October 17, 2011 on 9:40 am | In Athlete Profile, Sponsorship | 1 Comment
Press release from Katalist Multisport Management
October 14, 2011 – Leanda Cave can now claim another world championship podium finish to an already impressive career. On Saturday, in Kailua-Kona Hawaii, Cave put together a consistent and relentless attack on the swim, bike and run to finish 3rd at the Ironman World Championship – finishing just behind the current and former world champions Chrissie Wellington and Mirinda Carfrae. Cave, who has won both the ITU short course World Championship and Long Course World Championship, can now add a another world championship podium finish to her list of career achievements.
In her own words…
The reality of my 3rd place at the Ironman World Championships in Kona has still not quite set in. In fact, over the past few years I knew I had it in me, but for different reasons I could never make it reality.
After a disappointing race at the 70.3 World Championship last month in Las Vegas, I have to admit, I was a little concerned about my fitness going into Kona. I had put in such a solid block of training in Los Angeles and for some reason, I couldn’t pull of the race in Vegas that I thought I should have had. But looking back, I hadn’t really tapered for that race, mentally or physically. I couldn’t take my mind off Kona, so I kept digging deep, training all the way up to a few days before Vegas.
Right after Vegas I flew out to Kona, Hawaii. This left me with four more weeks before the big day and my “A” race and I made the most of every day and minute. I had a few days off after Vegas, but my coach Siri started cracking the whip pretty quickly. I spent every day out in Kona pushing my body through the tough hot and windy conditions of which the race is renowned for. I was paying particular attention to my running and nutrition (I had some great advice from Brian Shea, which I wanted to practice). In the past years I have raced in Kona, my run has always let me down. I wanted to make sure it didn’t this year.
The day before the race I felt pretty crappy. Heavy, lethargic, tired and grumpy. However, all my great races over the years have happened the day after feeling like crap. All my poor races on the other had have happened the day after feeling awesome (in other words, I peaked one day too early). I was also full of nervous energy. I often get more nervous if I know I am in great shape, so on a scale of 1 to 10, I was up around 10!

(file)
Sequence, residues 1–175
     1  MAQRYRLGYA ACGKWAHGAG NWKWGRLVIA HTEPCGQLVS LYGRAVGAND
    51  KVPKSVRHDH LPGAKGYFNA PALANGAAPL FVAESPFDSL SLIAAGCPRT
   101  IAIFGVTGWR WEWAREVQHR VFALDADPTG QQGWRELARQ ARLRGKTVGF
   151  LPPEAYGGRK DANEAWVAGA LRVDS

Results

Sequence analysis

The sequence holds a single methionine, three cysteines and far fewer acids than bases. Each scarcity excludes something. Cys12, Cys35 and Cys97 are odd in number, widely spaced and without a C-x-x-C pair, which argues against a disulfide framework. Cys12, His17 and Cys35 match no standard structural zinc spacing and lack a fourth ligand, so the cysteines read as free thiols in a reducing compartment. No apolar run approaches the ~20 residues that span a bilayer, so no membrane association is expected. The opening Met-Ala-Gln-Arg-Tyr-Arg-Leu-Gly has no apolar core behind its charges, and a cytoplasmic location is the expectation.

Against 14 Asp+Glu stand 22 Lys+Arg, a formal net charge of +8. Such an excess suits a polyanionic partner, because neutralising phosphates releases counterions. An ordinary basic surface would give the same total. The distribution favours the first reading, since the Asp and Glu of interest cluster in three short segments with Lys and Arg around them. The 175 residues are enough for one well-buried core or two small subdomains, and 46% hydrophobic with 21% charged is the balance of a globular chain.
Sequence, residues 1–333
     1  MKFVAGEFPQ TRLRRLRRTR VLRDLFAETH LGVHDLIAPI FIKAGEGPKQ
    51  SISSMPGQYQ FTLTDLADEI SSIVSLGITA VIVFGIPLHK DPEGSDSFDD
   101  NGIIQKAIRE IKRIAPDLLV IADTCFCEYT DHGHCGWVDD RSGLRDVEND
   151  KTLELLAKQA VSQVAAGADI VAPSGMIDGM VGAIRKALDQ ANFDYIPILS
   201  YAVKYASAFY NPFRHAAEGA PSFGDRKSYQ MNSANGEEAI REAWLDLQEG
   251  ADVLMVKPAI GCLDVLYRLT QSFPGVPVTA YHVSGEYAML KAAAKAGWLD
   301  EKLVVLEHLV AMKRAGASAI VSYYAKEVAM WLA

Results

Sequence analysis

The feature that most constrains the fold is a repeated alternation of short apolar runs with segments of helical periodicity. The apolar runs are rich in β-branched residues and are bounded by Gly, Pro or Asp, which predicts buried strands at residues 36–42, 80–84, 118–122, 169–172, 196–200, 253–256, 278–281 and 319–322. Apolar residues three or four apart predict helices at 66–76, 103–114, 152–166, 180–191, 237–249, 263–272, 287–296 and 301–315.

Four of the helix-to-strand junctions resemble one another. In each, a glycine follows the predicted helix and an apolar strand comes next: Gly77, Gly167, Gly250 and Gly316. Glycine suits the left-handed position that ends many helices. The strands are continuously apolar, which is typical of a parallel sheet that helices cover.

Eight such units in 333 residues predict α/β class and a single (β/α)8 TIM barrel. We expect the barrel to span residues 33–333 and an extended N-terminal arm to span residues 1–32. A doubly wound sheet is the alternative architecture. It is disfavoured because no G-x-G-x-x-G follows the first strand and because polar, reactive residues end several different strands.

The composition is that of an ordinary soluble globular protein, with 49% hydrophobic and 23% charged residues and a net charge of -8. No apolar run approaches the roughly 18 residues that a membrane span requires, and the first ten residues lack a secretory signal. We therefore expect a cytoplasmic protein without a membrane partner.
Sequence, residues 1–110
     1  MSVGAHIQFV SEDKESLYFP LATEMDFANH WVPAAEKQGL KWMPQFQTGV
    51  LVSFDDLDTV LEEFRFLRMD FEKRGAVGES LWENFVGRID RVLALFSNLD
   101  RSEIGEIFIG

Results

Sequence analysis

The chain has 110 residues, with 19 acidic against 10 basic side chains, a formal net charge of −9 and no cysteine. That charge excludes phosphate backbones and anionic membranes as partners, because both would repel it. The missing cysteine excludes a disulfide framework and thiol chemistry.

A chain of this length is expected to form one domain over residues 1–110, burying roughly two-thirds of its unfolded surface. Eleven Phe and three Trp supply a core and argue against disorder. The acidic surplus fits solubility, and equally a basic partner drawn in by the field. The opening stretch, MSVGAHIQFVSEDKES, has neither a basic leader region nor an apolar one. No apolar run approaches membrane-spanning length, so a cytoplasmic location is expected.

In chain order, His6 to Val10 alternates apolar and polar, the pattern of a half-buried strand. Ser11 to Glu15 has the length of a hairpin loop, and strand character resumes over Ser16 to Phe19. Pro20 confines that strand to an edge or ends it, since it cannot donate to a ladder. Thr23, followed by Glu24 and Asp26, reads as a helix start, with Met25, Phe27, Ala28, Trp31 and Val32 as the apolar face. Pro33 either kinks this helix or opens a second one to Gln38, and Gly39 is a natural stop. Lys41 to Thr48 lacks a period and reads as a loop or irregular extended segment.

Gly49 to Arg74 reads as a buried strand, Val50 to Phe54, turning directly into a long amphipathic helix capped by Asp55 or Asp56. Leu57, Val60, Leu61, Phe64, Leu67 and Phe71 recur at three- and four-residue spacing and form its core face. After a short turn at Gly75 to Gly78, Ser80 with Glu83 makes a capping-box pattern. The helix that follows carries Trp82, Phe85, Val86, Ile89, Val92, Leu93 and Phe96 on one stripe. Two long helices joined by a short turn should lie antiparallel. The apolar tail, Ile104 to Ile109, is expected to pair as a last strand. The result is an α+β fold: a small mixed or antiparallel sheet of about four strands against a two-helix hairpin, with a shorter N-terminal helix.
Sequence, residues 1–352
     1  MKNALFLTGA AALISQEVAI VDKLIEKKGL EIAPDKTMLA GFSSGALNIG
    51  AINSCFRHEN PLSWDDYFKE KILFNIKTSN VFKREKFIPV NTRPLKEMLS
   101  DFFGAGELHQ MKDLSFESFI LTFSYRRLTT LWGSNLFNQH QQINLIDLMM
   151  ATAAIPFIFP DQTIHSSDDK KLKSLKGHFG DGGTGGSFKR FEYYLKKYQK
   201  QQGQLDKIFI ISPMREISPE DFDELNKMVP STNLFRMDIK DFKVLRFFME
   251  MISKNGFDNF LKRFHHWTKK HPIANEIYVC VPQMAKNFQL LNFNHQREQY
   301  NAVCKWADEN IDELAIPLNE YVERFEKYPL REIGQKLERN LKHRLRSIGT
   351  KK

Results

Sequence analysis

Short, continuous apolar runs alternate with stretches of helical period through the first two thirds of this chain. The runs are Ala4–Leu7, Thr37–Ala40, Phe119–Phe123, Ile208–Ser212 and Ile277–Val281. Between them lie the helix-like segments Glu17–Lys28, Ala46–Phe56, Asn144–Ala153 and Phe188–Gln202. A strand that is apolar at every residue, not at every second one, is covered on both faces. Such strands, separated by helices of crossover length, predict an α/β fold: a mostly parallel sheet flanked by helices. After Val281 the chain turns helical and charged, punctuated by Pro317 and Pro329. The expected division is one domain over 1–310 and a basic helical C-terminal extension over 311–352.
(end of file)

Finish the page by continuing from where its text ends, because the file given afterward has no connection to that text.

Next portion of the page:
Race morning came around. I was up at 3am, well before my 4am alarm. But those pesky little nerves had my heart racing. I did a little run warm up. Yeah, I was feeling pretty good. Swim warm-up confirmed the same thing, and bit of the Black Eyed Peas put my head in the right place (I sang “I Wanna Rock Right Now” the entire race!).
6.30am…………the gun goes off. Unlike last year, I had a great start and found myself right on the back of the lead pack. I could see Julie Dibens just to my left. Exactly where I wanted to be. Unfortunately we have to start with the male athletes. I don’t know any other professional World Championship event where the men and women are on the same start line at the same time, but that is an issue for another time. But this did impact my race. I’m a strong swimmer, so I was in the mix with a lot of the lead pro men, and they don’t cut a woman any slack. Right around the halfway mark I had a guy who decided to fight me for the feet in front instead of fighting to stay on the feet in front. I ended up having to swim over him as he had pushed me out so far that those feet in front were well and truly gone. I put in a huge effort to catch back up to the lost feet, which I did only to find that guy had lost the feet and the lead pack in front of him. I was spent, and I could not find that extra energy to bridge the gap. In the end, I came out 2 minutes behind Julie (who I beat out the water in Vegas) and two other pro woman Lucie Zelenkova and Amanda Stevens).